Read a sample
Read a short story from Dreams of Nostalgia
To Await the Call of Death
I don’t know what I live for.
My head slips off the bed frame I lean upon. Mismatched eyes open, I jerk awake. I see them in the broken mirror across from me. One red and one silver. A hideous sight. My milk brown skin is also blighted, proof of a scandalous affair. I am the product of my parents’ sins.
I put my hand on the floor, and my ragged shirt threatens to fall off my too thin shoulder. I pull it up again and grab at the cracked wooden frame at the edge of the bed. It is a struggle just to stand. My legs shake as I stagger along its edge. The stench is worse than it was yesterday.
What was yesterday?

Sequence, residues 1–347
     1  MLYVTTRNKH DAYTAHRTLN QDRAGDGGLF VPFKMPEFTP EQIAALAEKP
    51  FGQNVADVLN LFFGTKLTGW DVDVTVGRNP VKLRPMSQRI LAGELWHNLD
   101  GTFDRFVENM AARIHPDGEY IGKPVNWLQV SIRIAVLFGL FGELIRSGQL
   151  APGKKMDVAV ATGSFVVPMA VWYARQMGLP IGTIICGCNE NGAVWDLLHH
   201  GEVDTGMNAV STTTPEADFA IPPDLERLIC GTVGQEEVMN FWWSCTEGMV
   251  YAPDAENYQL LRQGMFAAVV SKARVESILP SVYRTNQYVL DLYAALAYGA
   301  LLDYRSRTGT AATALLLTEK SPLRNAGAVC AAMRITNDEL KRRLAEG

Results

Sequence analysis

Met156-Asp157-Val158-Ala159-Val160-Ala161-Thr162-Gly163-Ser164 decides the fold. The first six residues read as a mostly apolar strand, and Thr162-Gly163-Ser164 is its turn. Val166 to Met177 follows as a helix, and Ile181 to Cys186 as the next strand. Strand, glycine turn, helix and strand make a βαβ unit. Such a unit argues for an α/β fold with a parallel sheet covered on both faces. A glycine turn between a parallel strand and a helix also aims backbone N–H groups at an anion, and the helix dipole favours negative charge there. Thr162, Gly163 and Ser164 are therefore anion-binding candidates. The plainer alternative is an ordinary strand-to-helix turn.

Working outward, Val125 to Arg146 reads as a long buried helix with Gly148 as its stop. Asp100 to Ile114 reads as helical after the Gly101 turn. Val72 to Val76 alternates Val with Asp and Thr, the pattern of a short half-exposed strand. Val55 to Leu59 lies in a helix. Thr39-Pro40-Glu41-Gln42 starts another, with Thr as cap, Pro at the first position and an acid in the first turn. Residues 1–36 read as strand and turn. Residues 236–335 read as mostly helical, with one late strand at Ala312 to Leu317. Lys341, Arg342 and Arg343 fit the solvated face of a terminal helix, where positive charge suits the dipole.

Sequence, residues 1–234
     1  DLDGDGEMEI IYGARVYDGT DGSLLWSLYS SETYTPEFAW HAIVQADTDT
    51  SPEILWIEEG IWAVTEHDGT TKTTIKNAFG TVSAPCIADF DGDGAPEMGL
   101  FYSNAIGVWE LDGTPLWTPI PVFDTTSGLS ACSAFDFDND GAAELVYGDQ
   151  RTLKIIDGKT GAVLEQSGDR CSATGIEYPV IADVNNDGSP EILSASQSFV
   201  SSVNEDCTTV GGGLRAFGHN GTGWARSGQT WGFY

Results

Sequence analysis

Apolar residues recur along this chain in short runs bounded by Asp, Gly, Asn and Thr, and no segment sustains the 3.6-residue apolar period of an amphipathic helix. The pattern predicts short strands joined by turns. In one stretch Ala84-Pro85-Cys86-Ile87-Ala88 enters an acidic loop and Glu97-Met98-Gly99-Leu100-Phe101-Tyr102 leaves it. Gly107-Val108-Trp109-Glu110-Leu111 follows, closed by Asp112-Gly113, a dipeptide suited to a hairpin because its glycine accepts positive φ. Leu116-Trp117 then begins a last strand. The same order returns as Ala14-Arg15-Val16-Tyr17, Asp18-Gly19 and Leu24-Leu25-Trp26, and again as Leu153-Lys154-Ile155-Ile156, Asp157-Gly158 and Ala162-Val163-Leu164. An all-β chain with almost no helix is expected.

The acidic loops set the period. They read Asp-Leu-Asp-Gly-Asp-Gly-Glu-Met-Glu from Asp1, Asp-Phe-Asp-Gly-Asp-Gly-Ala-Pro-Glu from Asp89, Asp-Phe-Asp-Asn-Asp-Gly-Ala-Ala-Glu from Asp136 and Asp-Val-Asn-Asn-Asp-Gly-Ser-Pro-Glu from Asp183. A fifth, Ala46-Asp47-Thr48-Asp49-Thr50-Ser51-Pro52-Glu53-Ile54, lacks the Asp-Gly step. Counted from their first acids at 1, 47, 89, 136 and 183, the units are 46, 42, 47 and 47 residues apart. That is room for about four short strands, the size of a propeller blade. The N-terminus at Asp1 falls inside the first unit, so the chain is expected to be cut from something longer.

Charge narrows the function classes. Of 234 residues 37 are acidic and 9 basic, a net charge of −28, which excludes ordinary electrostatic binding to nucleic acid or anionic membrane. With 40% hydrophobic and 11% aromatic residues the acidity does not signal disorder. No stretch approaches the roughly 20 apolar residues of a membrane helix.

What is today?
Does it even matter?
I stare at the figure in the bed. Thick black curls caress gaunt cheeks. Small nose. Dark, plum lips. Red eyes that won’t close. Men used to love her. I adored her. And then… the plague.
I cast a look at the door. The idea that it might one day open has long since died in my mind. Although, I have never really been one to hope. Fabric bunches in my too thin hands as I drag myself up beside her. My mother.
Bits of vomit and dried blood cling to the fabric on her face’s either side. The stained sheets have been pulled up just below her collar. Beneath them is a slight body, abandoned. Pallid, the bone below protrudes through the corpse’s skin. I touch her face. Her skin, once warm like brown butterscotch, is dry. Cold. Like ice. I stare without words. Things move in her faded eyes. It is all I can do to stay by her side. No amount of shaking will again bring her back. She stopped breathing a while ago.
She is rotting.
Leaves rustle outside the un-curtained window. Broken off a tall tree beyond my sight, they drift past, aimless—blown not of their own accord. Helpless, brittle autumn leaves. Much like me. Slowly, I have begun to starve.